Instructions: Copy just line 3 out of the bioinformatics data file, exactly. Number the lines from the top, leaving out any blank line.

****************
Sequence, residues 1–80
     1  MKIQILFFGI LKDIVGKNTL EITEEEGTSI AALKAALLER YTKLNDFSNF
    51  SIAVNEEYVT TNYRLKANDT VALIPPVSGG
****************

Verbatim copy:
    51  SIAVNEEYVT TNYRLKANDT VALIPPVSGG